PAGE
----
NARRATOR: Regardless of the actual quality of their information, by the spring of 2003 the White House had all the justification it needed for war. The first bombs hit Baghdad on the 19th of May. A full-scale invasion came hot on their heels. The world looked on as Saddam’s government was dismantled. The dictator’s ousting was symbolized in the iconic footage of US Marines toppling his 40-foot statue in Firdos Square as cheering Iraqis looked on. So far, so good, but the invasion’s optimistic tone was short-lived. Nada was about to find that out first-hand.

NADA BAKOS: We needed volunteers from our team to go to Iraq shortly after the invasion. You had one colleague go prior to me, and then I went after him.

NARRATOR: If the CIA was to identify the Iraqi government’s links to terrorist groups, and specifically that of Abu Musab al-Zarqawi, it needed people on the ground - ‘in country’, as they say at the agency. Information from sensitive detainees - many of them members of the shattered Iraqi intelligence service, which the Americans suspected of aiding and abetting Islamic terror groups - would need to be pumped for information in person by the people most skilled at processing it: CIA analysts. Nada, the farmer’s daughter from Montana, had always wanted to live abroad. Now, she was getting her wish. Looking back, she had no idea what she was in for. If you gave her a hefty intelligence dossier, she could condense it down to its key elements in a matter of hours. Put her in range of a rocket launcher and she was less confident in her skill set.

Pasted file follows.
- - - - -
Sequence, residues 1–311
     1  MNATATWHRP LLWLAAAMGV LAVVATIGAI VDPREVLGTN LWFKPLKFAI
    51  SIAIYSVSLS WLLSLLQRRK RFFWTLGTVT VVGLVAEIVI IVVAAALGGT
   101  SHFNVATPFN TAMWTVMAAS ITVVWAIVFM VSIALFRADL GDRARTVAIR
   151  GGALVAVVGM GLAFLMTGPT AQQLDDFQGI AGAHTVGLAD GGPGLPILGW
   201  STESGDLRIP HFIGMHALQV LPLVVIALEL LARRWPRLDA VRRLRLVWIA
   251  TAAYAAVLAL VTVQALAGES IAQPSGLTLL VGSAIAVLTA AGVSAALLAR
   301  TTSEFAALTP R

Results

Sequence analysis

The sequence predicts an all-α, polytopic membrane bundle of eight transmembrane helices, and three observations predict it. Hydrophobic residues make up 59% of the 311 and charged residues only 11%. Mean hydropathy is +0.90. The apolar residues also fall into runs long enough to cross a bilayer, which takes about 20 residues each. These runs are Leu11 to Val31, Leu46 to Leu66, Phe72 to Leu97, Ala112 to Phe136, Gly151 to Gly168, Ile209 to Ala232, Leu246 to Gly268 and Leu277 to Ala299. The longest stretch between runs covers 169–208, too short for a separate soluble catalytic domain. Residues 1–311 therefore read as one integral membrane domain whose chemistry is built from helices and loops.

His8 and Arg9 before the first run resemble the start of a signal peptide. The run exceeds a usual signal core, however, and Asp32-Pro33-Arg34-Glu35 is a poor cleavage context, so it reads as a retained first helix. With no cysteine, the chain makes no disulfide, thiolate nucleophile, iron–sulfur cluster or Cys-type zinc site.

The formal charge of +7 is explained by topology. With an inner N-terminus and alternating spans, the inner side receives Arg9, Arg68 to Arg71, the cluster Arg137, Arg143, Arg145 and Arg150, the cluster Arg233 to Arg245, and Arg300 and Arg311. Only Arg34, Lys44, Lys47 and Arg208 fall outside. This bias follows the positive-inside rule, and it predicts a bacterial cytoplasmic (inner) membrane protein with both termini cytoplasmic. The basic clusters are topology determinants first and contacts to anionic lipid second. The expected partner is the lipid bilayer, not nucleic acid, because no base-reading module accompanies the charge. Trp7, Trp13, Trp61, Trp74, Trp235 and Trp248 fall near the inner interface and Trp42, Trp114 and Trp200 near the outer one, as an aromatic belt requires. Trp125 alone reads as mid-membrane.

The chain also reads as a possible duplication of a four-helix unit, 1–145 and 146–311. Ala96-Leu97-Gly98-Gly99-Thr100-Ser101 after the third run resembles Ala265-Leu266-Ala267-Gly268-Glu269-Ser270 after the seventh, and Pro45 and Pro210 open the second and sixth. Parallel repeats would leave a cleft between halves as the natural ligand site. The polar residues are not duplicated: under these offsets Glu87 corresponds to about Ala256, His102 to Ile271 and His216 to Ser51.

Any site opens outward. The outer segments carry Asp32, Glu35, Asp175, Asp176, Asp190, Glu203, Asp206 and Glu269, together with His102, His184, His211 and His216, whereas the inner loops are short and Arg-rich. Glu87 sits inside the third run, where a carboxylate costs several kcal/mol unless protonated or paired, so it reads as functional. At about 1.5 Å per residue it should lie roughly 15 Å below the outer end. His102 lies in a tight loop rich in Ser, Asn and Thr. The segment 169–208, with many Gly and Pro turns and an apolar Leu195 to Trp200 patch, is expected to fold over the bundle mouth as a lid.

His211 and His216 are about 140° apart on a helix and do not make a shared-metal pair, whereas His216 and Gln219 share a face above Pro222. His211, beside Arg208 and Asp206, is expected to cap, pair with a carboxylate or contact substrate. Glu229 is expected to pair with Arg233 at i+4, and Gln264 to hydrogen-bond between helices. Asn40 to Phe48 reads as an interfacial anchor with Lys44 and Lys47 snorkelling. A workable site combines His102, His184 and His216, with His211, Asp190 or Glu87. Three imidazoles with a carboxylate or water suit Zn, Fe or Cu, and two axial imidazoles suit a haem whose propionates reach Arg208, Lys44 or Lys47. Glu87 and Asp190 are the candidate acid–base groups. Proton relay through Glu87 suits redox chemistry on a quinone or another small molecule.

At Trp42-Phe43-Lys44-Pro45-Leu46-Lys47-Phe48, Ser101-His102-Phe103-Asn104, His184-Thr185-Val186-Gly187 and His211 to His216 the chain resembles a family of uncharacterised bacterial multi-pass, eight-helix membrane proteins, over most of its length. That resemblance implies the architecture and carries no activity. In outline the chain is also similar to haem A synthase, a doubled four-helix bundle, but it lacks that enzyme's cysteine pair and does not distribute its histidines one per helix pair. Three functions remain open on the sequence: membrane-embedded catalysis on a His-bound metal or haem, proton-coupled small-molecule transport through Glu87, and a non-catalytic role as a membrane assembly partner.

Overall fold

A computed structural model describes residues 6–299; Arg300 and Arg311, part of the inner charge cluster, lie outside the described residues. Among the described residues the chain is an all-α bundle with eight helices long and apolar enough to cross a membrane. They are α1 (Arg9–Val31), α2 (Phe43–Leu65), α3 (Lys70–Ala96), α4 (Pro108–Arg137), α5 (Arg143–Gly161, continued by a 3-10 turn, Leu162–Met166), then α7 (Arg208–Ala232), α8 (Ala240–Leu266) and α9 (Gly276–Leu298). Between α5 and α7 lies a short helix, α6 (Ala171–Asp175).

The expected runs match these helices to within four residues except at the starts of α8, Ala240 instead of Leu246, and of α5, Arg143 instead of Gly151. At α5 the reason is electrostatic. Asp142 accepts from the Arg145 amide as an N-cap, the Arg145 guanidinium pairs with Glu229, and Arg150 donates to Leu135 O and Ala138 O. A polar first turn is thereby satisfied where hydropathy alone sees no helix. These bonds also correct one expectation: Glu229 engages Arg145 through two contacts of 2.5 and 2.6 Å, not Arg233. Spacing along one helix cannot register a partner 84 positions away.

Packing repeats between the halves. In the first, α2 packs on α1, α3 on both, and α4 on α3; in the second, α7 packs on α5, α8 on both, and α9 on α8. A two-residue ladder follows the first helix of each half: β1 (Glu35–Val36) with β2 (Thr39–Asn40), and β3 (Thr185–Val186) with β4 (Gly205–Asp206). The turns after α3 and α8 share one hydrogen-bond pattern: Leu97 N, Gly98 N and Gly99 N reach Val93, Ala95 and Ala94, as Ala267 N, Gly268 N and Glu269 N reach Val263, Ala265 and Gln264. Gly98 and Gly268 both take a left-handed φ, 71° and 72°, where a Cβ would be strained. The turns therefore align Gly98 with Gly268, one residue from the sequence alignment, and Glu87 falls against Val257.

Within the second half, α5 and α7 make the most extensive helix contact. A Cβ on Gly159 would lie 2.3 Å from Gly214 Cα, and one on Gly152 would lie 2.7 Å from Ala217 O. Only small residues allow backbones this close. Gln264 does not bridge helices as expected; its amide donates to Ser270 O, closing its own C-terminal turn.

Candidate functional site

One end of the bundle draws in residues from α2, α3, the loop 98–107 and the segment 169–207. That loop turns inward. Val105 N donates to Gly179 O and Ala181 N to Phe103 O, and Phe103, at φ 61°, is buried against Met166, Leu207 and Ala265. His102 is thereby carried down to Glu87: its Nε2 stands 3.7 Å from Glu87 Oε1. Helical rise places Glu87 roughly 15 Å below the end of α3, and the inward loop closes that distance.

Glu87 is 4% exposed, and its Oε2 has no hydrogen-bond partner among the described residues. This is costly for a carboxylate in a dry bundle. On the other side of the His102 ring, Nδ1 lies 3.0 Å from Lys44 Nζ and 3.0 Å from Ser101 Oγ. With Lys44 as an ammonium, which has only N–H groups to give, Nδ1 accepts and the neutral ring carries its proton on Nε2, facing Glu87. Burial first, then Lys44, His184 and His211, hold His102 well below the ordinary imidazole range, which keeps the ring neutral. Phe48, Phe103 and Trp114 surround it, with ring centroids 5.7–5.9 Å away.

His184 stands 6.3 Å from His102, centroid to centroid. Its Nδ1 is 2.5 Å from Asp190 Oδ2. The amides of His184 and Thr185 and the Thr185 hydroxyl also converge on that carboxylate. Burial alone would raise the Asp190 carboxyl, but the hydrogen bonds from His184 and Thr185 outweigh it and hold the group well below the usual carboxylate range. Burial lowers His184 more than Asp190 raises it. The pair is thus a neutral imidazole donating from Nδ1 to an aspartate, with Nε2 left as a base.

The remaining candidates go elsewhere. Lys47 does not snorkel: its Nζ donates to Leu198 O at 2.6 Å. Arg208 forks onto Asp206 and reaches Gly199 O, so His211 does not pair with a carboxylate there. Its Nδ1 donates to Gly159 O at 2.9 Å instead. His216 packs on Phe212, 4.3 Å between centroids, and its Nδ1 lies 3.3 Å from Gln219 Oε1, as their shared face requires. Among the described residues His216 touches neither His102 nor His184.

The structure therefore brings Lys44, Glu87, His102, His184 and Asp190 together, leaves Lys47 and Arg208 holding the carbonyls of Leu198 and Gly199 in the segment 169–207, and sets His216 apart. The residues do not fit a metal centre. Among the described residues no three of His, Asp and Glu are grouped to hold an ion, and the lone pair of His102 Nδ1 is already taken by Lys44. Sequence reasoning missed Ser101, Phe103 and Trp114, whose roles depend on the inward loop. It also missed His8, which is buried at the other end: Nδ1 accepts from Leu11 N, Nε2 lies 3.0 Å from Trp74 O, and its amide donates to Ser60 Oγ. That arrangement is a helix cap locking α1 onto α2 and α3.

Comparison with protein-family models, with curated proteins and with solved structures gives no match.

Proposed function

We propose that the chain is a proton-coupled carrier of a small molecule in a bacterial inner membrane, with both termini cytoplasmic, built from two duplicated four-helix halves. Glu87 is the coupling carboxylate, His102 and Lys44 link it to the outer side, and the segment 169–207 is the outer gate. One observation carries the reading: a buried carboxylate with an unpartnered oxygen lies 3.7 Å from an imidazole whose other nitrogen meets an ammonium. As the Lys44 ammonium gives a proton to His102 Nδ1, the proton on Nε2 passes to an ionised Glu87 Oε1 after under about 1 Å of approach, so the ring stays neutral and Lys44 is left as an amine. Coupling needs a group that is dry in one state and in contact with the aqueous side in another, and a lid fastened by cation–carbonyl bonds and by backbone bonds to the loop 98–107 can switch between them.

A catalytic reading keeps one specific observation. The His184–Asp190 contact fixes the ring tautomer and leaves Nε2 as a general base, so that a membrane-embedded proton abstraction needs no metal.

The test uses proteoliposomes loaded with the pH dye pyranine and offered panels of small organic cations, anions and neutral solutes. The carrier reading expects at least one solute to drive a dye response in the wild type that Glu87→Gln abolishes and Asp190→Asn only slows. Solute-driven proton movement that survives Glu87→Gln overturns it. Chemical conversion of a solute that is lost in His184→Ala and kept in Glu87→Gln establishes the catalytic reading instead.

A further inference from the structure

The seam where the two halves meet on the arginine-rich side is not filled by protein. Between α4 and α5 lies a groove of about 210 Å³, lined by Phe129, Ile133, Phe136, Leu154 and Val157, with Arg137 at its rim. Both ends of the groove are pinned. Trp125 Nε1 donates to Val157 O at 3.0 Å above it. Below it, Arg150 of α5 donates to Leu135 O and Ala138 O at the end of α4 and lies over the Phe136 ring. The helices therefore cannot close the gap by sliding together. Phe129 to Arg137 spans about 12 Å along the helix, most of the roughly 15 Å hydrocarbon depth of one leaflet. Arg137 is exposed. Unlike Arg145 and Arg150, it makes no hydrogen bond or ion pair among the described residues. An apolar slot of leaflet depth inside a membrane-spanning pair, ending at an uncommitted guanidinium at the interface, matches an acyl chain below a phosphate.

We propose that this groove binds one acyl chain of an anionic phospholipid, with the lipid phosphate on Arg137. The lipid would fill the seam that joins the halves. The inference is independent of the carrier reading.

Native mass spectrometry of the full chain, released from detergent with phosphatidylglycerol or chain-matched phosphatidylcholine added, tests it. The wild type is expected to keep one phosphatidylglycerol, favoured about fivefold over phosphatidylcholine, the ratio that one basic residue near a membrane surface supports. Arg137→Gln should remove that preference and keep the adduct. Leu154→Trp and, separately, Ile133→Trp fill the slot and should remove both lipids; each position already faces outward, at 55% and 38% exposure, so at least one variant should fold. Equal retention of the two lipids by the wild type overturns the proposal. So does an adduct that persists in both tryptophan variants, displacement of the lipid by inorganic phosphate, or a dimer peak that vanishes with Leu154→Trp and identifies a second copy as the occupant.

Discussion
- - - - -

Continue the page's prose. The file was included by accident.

NADA BAKOS: The career training that you go through for being an analyst has nothing to do with being in the field necessarily. I mean, you learn how to work with our operations colleagues. And so, you know how to travel. You know what happens in the station, so you know what to do when you go there. But we're not... typically we weren't in stations. It wasn't something that we would be assigned to, like an operations officer, prior to 9/11.

NARRATOR: Surely though, the great and venerable CIA wouldn’t allow a rookie analyst to fly into a war zone without some specialist training?